- When to Pick Persimmons and How to Preserve Them [Mother Earth News]
While cutting down some dead trees at the office in advance of Hurricane Irma, my father and I stumbled upon a persimmon tree, complete with orange fruit. When I asked Siri how to tell when the persimmons were ripe, she suggested this article—which prose, as I began reading it, led me to ask “When was this written!?” As it turns out (clearly visible on desktop, less so on mobile), the article is dated September/October 1970.
- You Are the Product [London Review of Books]
Technically, this is a book review of several recent books about Facebook and other social/tech companies, but John Gruber headlines it thusly: “John Lanchester on Facebook: ‘The Company’s Ambition, Its Ruthlessness, and Its Lack of a Moral Compass Scare Me’” Gruber adds, “John Lanchester’s lengthy essay on Facebook for the London Review of Books is well worth your time.” (Lengthy, indeed; I am still working my way through it, but it has definitely been worth my time so far.)
Well, link singular, again.
- Have Smartphones Destroyed a Generation? [The Atlantic]
There are many effects of a technological development, some positive and others negative. We know many of the positives of smartphones because they can be discerned quickly, when we experience them (and proceed to laud them). The article touches on others that have taken time to discover (US teens are physically safer and have a lower birth rate now than in the past, in large part because of changing behaviors influenced by smartphones); I also think about the articles I’ve read about how smartphones have empowered young women and “liberalized” the dating/matchmaking practices in many conservative Middle Eastern societies. But there are some clear downsides to smartphones, as well—some of them innate in social media that are amplified by the ubiquity of smartphones—that the article reveals and discusses.
Mostly, though, I think about my friend’s six-and-a-half year-old daughter asking her mother one evening if she could read when they got home; it is a wondrous thing when a child loves to read so much that limits or ground-rules are required—and I hope nothing ever comes along to diminish that love in her life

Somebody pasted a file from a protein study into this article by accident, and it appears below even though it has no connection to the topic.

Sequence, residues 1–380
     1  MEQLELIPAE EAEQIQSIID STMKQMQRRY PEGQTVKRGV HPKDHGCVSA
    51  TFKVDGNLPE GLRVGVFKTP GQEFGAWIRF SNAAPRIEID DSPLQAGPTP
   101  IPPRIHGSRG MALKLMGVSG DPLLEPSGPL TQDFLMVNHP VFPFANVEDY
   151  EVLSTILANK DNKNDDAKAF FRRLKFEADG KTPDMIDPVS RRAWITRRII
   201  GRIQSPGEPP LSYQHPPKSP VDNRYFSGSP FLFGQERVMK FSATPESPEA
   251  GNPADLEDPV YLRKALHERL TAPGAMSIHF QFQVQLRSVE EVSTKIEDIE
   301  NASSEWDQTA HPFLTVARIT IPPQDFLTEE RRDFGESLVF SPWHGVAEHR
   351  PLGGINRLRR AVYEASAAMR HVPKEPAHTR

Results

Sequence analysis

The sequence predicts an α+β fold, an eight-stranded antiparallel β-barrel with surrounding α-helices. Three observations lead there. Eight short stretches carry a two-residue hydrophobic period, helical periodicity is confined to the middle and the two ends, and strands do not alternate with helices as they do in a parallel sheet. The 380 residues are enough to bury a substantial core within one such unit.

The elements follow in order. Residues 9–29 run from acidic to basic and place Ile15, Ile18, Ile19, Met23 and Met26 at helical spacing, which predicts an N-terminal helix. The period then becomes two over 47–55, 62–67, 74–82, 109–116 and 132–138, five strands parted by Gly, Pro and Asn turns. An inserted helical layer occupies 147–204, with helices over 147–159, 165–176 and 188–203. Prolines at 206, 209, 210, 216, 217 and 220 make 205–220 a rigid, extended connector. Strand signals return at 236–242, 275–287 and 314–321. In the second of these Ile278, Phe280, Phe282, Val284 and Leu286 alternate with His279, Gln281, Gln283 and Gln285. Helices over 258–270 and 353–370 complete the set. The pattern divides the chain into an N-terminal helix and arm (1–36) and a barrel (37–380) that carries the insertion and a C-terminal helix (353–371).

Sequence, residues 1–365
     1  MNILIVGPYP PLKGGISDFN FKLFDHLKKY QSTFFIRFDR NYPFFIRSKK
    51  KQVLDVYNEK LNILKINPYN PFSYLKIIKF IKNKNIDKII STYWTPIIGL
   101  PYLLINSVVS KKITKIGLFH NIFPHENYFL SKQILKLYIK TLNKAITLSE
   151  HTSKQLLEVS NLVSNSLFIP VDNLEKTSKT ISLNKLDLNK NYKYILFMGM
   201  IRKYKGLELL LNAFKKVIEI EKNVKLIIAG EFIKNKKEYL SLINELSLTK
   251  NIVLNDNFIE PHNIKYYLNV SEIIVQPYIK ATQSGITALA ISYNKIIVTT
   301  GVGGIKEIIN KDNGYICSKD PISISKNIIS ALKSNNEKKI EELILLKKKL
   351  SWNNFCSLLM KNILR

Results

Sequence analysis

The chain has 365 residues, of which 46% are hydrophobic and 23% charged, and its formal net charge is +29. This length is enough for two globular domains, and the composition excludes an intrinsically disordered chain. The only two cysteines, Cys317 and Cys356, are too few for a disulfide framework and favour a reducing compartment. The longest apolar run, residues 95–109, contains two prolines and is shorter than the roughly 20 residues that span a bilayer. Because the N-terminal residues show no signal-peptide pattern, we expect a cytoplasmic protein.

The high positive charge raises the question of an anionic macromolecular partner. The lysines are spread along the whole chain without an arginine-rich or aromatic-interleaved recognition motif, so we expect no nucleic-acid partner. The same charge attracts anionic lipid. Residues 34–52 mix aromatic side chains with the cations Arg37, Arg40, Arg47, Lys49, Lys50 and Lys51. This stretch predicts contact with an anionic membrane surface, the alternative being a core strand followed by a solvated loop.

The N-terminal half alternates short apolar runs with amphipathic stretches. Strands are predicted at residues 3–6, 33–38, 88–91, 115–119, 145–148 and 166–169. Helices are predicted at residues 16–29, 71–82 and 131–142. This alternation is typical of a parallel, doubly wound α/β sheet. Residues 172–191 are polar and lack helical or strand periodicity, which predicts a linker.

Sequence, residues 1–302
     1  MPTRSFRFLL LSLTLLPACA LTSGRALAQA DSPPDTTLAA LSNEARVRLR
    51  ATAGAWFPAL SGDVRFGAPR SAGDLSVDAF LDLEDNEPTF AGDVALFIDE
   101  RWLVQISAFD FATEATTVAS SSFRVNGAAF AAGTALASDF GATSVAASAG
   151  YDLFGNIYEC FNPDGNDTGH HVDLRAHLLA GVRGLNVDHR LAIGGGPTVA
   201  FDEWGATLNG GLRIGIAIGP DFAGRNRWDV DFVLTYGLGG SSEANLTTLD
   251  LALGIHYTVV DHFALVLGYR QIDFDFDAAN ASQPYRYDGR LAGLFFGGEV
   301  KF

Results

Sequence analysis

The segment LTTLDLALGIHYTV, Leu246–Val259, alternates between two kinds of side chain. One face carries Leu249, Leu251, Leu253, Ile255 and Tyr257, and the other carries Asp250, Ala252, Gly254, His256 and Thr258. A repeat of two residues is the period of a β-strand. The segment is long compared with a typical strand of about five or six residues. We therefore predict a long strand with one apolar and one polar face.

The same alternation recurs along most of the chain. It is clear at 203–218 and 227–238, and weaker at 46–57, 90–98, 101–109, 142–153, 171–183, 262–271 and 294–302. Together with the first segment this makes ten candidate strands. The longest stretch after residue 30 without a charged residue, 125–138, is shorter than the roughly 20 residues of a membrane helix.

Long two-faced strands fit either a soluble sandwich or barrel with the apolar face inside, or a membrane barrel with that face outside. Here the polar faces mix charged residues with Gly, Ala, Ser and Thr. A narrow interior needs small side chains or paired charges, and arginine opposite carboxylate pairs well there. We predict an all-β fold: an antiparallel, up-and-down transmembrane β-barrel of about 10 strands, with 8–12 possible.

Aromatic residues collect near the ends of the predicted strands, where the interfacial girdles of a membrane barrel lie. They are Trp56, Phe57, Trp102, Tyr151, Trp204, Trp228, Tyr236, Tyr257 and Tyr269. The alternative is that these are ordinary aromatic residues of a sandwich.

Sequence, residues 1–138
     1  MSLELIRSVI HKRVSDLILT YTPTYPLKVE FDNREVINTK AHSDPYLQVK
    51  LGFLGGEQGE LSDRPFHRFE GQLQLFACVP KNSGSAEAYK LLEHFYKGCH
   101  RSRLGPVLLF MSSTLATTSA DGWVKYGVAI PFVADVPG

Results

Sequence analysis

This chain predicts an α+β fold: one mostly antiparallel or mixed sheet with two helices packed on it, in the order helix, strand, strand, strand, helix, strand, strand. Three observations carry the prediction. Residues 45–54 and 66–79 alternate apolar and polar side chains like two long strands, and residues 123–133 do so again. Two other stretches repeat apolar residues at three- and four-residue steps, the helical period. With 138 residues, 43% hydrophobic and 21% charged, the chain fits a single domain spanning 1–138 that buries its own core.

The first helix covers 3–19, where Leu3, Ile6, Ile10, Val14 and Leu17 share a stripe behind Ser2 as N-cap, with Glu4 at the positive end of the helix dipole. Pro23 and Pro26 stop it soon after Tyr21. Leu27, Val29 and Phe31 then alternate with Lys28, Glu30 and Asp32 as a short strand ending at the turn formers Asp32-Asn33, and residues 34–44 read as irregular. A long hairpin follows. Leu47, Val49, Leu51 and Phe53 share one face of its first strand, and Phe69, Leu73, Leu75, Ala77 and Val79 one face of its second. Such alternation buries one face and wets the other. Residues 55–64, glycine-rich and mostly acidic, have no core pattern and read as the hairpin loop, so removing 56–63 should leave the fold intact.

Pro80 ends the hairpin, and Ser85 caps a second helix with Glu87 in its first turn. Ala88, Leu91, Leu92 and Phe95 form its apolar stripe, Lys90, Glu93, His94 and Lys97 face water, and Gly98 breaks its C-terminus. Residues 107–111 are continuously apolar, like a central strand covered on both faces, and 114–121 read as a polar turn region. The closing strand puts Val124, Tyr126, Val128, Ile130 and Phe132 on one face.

Well, link (singular), again:
- Enlightenment Technology [ongoing by Tim Bray]
Tim Bray provides a review and commentary on economic historian Joel Mokyr’s 2016 A Culture of Growth: The Origins of the Modern Economy (which attempts to explain the origins of the belief that progress was a good thing and why the Enlightenment and Industrial Revolution occurred in Europe and not in Asia, given that, circa 1500, both regions were more or less on the same level technologically—short version, according to Bray’s reading, mostly a series of “fortunate historical accidents”).
I wasn’t familiar with the book—I’m sure, had I remained in academia, I would have had to slog through it—and I’m sure there are some great reviews from historians to recommend, but I felt the 15 or 20 minutes reading Bray’s piece was well worth the time.
- The Loyal Engineers Steering NASA’s Voyager Probes Across the Universe [The New York Times]
I found this piece incredibly moving: the dedication of these engineers—some now in their 80s!—to one of humankind’s greatest scientific endeavours, in the face of ever-shrinking resources, changing priorities, and the passage of time in which the knowledge and skills needed to keep the Voyagers working are becoming one more of humanity’s “lost arts.”
- Dellinger Grist Mill
The Times piece reminded me of another of humanity’s lost arts, which in this particular case also has a connection with our space program. In the mountains north of Asheville, North Carolina sits the Dellinger Grist Mill, the last small, water-powered stone mill left in North Carolina, dating from the turn of the last century (added to the National Register of Historic Places in 1998). Jack Dellinger, fourth-generation Dellinger miller, restored the mill and operates it today in retirement. In the 1950s, Dellinger left the family farm and mill, served in the Korean War, and then became a software engineer for IBM. There, he wrote control software in Huntsville, AL, under the direction of Wernher von Braun, for the Saturn V rockets used in the moon landing, before finally returning home in the late 1990s and putting generations-old, nearly-vanished milling techniques back into production.